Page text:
Tuesday, August 9, 2011


I know most of you follow Lorraine and Jane's blog  but in case you don't, or are, as we say in Australia, 'a blow in', here's her latest on reunions which I found most interesting and revealing.
I long ago came to the conclusion that only adoptees truly understand adoption from the adoptee point of view. Others try, make a good stab at it and often get the big picture, but fall short on some other aspects, like that of loss for instance. Our loss of attachment is not cured by reunion and in some circumstances might be made more difficult to deal with.
What Lorraine seems to bring out in her post is that adoptees are triggered by circumstances, events, remarks; nothing new to us, but clearly something not understood by some mothers who see and understandably feel it as something that makes reunion and establishing a relationship more difficult, if not at times impossible, inexplicable and painful. Adoptees too may not always understand the triggers and as most of you can state from your own experience, they arrive unbidden, unexpectedly and surprisingly when we sometimes least expect it or are prepared for it.
Perhaps the way forward is to begin a dialogue on such areas of difficulty, to seek support in reunion and to understand that it is one of the most difficult, if not the most difficult things, we will ever do in terms of relationships.
 A comment, or part of one, from Kate Ingalls-Maloney, Adoptees Have Answers Manager on an article -
While the Star-Tribune article focuses on adoptees with challenging individual histories, let us not forget the multitude of adoptees whose stories may be less profound yet who nonetheless struggle with vestiges of their early loss - grief, abandonment and trust issues, identity confusion, and more.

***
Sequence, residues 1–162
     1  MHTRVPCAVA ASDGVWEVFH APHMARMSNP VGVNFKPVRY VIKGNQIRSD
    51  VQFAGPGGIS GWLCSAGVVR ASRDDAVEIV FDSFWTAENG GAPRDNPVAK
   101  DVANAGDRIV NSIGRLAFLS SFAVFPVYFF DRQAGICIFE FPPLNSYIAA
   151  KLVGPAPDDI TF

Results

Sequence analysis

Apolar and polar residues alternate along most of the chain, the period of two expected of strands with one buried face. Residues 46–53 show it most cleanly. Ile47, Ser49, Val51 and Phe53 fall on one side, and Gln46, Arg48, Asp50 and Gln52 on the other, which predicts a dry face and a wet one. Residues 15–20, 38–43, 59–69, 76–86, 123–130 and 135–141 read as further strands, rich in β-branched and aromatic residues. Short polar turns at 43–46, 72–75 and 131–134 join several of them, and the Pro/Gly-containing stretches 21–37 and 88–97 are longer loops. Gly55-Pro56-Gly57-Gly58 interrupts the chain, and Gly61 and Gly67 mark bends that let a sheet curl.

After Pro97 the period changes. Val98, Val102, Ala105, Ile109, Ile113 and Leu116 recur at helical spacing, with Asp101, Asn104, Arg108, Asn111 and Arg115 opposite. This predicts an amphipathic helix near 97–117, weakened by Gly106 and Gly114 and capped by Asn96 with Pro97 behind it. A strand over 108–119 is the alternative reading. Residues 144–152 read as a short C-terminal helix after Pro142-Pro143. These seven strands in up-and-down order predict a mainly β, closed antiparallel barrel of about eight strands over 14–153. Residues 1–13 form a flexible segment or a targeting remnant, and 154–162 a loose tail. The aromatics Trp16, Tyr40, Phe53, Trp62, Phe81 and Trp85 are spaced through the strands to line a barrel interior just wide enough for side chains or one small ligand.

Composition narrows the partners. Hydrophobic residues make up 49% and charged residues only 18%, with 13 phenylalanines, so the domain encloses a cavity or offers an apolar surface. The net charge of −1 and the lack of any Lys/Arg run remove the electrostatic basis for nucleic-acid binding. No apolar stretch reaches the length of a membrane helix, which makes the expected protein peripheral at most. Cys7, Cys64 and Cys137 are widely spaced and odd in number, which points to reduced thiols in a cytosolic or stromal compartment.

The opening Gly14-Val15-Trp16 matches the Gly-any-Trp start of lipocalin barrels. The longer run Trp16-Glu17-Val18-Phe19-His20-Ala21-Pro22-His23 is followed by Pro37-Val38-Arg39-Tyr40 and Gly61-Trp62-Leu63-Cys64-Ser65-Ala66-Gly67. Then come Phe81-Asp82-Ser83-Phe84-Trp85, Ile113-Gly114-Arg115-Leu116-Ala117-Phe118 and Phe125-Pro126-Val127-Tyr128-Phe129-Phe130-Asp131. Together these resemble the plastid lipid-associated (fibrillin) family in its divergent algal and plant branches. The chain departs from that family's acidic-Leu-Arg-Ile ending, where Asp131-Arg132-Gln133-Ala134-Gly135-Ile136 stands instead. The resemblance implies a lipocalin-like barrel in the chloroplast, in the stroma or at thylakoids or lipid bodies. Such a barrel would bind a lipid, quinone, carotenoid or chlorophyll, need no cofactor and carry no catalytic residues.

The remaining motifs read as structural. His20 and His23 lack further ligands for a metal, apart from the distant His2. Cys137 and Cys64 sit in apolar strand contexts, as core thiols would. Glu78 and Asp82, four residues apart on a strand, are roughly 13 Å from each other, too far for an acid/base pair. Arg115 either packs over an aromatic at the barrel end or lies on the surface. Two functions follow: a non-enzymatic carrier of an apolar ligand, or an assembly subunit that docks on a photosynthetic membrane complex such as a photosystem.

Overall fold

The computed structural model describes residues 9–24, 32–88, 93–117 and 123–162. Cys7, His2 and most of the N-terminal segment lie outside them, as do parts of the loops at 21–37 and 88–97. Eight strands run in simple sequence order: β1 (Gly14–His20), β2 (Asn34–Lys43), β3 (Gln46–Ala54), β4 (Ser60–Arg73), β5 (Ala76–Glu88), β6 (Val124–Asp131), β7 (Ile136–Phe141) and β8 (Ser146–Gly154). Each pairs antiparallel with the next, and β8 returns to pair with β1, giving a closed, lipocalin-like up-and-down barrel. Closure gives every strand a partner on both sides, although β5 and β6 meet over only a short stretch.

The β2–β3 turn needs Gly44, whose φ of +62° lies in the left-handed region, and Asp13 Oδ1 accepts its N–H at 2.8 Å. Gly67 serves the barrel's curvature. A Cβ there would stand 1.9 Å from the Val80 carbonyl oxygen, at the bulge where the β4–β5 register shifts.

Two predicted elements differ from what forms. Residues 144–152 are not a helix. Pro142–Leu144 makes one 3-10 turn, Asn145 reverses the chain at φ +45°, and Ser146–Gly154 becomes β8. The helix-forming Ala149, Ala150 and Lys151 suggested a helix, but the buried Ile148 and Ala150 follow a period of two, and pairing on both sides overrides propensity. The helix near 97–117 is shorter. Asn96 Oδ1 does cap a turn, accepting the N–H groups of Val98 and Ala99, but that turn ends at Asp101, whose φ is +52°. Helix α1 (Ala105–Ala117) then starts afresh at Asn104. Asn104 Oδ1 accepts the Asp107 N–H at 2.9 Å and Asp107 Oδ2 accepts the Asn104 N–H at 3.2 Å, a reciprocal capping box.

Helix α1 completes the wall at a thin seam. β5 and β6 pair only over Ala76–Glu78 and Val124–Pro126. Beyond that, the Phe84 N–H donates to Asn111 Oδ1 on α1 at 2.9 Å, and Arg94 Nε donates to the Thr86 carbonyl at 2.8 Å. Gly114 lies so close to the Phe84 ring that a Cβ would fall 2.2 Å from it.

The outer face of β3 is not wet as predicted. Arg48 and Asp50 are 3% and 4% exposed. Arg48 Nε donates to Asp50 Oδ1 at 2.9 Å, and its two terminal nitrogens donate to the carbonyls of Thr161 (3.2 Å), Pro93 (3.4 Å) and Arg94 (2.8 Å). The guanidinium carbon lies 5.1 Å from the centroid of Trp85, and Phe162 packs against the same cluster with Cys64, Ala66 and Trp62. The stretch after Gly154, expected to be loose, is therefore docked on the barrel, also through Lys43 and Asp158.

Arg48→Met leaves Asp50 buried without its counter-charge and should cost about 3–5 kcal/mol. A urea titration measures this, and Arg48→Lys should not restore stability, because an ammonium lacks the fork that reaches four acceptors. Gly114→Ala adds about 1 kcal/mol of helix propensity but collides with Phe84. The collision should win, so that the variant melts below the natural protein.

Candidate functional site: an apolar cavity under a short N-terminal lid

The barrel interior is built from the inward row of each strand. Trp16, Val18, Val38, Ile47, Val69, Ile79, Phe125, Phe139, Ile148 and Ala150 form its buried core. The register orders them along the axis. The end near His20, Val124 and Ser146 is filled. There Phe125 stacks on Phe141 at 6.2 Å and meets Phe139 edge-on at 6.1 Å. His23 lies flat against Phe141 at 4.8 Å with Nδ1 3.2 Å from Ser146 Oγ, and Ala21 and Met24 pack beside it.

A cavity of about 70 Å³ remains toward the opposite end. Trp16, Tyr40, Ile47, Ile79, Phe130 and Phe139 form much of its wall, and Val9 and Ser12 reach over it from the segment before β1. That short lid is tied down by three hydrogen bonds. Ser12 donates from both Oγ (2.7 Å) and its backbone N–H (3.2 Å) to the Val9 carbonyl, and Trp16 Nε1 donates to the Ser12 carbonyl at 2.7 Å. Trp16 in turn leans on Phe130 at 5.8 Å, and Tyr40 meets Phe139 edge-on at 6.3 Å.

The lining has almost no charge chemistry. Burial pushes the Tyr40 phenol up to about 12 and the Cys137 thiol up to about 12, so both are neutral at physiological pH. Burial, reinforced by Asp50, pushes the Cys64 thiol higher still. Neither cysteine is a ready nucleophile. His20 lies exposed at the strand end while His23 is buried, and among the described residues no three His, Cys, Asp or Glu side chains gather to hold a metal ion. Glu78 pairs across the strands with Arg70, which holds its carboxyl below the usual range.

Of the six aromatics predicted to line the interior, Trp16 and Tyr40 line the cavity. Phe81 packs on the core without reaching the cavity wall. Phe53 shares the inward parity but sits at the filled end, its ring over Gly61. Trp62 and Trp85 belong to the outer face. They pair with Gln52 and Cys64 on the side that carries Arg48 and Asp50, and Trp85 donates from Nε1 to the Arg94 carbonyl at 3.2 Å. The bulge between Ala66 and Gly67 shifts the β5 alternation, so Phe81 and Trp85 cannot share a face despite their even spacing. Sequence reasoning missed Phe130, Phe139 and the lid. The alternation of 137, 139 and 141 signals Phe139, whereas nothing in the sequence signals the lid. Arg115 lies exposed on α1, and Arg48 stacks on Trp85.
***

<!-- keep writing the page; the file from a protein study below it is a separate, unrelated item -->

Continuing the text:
Often adoptees simply need adopted peers to connect with to help them process emotions that, if unattended, can become immobilizing. AHA helps to fill this need. Families who provide their adoptees the emotional space to explore their own histories and psychology are our greatest partners in this effort.
The emphasis here is mine, while I certainly hope this group are doing a good job, as support is much needed from all quarters and wish them well. It is distressing to find a hierachy of adoptee loss indicated, in which some adoptees' stories and therefore lives and loss, are considered less profound than others.Perhaps all communities and communities of adoptees struggle with the fact that loss is loss, abuse is abuse and trauma is trauma and that those things cannot be rated on a scale of one to ten. We can never say 'You suffered more than I did' or 'My trauma was worse'. Where these ideas creep in, we know that we need to take special care not to be competitive, critical of the stories of others if they are unlike ours and judgemental where there is difference.
It is central to what is happening here in Australia. We are making some headway, but the attitudes of non-adoptees and the adoptees they influence, have resulted in a divided adoption community, sometimes in turmoil and trying to forge ahead to a new understanding and a new future. Change is coming; but as everywhere it is slow, laborious and sometimes difficult.
Congratulations on all of you who were in San Antonio and did such a wonderful job of promoting awareness, without it nothing changes.